How to Manage Personal Stress During a Company Crisis

Companies face minor emergencies everyday. A key employee calls out sick, an angry customer lashes out — these are things you’re pretty well prepared for. But, what if the truly unexpected happens? How do you handle a major crisis that threatens your company’s long-term reputation?

During a crisis, senior leadership has to step up. You need to be able to explain what happened, why, and what you’re doing to keep it from happening again. This has to be communicated clearly to your employees, the media, and other members of the public.

This takes a lot of time, attention, and focus — which can take quite a toll if you let it. If you find yourself leading your organization through a crisis, here are three rules you need to follow to manage stress:

Prioritize and delegate. One of the marks of an excellent leader is the ability to see the bigger picture, and delegate roles and responsibilities to a team. You can’t handle a major company crisis alone. You need to have leaders from the various departments inside your business to help you analyze the issue from all angles, and develop the best possible plan. You also need team members to help you accurately assess the damage to your company — whether physical, financial, or reputational.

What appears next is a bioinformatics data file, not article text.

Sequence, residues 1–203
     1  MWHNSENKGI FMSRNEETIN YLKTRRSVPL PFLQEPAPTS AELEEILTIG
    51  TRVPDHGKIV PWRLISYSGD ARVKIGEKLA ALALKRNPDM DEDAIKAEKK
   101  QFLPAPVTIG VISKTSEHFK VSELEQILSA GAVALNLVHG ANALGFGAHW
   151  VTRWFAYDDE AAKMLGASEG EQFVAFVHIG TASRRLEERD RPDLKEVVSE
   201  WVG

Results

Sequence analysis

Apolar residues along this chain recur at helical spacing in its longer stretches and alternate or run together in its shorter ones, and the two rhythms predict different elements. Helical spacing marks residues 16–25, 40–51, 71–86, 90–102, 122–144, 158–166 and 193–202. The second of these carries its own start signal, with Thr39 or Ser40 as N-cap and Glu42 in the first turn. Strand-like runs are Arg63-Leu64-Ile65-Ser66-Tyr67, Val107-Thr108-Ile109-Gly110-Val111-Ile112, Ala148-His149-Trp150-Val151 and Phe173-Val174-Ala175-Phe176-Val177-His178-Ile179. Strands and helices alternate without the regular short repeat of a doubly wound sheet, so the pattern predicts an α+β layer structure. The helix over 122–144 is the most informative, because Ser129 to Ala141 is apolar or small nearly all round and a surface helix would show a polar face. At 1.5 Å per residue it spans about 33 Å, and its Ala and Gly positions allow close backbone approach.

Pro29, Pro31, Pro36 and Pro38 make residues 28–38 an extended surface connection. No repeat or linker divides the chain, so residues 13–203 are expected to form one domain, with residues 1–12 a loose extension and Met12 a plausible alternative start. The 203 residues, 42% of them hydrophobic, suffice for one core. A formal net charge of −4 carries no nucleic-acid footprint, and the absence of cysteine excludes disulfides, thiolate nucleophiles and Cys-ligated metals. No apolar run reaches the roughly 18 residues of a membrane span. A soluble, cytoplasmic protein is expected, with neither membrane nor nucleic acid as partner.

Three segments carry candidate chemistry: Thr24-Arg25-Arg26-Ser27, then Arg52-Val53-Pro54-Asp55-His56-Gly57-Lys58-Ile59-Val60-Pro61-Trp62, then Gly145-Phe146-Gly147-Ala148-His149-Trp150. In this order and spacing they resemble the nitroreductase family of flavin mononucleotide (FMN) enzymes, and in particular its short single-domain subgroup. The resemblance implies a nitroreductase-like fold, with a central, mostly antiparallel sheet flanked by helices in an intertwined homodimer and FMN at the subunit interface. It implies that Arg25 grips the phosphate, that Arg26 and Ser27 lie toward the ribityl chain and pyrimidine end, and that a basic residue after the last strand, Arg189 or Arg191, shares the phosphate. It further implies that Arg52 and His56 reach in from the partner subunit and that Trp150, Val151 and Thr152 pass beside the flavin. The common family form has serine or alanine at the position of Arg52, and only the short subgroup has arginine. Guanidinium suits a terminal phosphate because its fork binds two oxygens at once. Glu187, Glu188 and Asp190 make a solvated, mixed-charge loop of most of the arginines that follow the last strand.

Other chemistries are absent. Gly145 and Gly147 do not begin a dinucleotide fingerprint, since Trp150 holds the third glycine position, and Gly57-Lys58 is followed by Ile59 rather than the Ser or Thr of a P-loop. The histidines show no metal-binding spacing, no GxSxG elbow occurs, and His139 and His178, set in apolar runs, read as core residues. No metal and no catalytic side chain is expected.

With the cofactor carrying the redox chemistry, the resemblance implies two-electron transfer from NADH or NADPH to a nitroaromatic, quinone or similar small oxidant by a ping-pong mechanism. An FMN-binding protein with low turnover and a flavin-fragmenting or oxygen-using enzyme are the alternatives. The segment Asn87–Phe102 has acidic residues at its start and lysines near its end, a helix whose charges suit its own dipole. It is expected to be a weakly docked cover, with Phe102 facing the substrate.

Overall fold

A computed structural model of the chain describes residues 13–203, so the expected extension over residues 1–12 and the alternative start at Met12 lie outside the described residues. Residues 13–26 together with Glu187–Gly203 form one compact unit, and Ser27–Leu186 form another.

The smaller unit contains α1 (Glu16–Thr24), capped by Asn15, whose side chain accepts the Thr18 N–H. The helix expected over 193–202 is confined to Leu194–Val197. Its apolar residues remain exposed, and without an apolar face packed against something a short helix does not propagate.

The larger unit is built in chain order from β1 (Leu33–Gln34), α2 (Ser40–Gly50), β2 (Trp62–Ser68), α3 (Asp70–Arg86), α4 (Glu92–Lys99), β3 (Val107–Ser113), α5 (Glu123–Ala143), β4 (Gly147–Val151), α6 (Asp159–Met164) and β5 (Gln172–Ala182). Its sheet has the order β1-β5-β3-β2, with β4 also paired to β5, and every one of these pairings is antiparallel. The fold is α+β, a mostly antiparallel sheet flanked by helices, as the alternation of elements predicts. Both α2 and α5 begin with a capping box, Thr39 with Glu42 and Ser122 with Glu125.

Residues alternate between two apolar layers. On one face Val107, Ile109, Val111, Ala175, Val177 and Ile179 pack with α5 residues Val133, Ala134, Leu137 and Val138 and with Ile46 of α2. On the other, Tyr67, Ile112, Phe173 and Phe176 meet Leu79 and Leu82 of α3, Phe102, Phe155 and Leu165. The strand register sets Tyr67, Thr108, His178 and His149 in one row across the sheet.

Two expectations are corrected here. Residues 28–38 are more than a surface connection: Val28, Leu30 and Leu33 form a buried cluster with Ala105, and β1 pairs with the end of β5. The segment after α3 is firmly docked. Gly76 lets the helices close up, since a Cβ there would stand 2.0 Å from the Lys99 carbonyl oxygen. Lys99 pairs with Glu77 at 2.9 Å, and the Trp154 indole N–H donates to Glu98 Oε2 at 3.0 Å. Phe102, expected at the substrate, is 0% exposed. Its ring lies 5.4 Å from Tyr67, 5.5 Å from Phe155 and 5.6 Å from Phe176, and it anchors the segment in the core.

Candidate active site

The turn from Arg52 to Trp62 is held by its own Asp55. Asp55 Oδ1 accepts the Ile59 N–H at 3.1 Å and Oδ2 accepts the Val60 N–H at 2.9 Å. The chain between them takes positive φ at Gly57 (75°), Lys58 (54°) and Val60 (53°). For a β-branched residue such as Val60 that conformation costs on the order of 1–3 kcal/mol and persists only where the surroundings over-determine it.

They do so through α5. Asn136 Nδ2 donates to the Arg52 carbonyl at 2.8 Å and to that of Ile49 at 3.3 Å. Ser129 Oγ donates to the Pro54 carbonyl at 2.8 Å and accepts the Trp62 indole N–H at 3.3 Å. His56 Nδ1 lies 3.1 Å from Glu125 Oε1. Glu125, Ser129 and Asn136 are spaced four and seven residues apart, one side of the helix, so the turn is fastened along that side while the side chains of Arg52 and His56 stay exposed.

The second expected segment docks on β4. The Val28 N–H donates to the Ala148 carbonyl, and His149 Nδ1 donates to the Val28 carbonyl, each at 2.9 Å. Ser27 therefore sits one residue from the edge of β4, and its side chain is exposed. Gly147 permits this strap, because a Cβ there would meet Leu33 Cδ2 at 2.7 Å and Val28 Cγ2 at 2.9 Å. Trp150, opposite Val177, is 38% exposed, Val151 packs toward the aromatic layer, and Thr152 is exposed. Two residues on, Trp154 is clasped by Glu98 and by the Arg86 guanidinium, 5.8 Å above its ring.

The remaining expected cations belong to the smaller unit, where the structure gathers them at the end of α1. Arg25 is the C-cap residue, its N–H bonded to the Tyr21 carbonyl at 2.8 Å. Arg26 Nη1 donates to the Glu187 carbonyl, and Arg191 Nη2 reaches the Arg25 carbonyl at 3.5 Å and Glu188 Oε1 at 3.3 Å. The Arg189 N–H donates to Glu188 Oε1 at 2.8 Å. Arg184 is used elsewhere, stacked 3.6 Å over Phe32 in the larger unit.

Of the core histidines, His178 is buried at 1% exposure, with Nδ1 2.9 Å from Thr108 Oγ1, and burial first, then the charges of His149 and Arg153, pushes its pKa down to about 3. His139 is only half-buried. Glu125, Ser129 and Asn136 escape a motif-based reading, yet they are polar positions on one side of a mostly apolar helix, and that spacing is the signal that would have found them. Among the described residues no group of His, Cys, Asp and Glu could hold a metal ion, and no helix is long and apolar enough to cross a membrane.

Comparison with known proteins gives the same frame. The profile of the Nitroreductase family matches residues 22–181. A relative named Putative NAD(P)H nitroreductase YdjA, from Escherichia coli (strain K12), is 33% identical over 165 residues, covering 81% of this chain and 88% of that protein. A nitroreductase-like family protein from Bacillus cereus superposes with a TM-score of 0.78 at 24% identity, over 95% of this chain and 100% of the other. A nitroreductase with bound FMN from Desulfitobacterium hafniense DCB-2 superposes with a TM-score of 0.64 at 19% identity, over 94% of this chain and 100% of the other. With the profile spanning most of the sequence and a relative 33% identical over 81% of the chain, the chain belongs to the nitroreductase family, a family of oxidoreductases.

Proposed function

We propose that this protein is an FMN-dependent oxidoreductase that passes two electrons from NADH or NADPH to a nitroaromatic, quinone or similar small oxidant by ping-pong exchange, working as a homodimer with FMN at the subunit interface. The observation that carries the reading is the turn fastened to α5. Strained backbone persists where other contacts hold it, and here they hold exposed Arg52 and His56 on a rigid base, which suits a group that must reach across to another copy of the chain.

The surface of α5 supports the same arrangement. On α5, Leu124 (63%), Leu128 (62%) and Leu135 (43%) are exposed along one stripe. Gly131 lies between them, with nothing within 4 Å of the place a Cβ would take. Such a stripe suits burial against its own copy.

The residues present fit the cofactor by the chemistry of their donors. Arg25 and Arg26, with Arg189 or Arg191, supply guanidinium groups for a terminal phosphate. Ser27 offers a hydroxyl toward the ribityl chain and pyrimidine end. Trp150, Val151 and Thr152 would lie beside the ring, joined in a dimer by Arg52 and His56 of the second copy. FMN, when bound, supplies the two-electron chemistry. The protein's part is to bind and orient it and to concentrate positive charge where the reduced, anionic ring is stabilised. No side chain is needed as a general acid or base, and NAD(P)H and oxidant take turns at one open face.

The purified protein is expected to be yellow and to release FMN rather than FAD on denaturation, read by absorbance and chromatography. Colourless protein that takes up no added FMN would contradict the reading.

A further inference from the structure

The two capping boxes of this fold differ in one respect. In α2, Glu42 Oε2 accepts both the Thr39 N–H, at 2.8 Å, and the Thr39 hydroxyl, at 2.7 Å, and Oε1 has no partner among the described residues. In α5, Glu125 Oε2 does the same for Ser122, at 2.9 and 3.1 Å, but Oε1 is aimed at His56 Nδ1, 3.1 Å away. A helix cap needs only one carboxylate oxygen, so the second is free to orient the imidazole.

Surround yourself with supportive people. In any crisis, you need a support system — both in the office and at home. Strong company leaders can provide expertise that you might not have. For example, if your company is facing a cybersecurity threat, you’d consult closely with your Chief Information Security Officer to make sure you have a good handle on the issue and the best way to mitigate you may need to consult with the head of IT to better understand the scope of the issues and ways to prevent them from recurring. You may just need a “right hand man” to support and help you tackle the larger tasks and ask for advice. When you surround yourself with supporters, it will be easier to face the crisis with a proactive approach.

Don’t listen to outside criticism. When your company is in the media hot seat, you will likely be bombarded everyday with professional attacks, threats, or general negative opinions from outside commentators. While you must acknowledge these opinions, you shouldn’t let them into your personal life. Unplug from the press, and keep your focus on solving the issues rather than brooding over them.

Most importantly, remember to leave your work stress at the office, rather than bringing ot home with you. Leadership roles come with great responsibilities, but you also have many other aspects of life that shouldn’t be upset by na company crisis.

For more information and resources on crisis management, visit our Resource Center.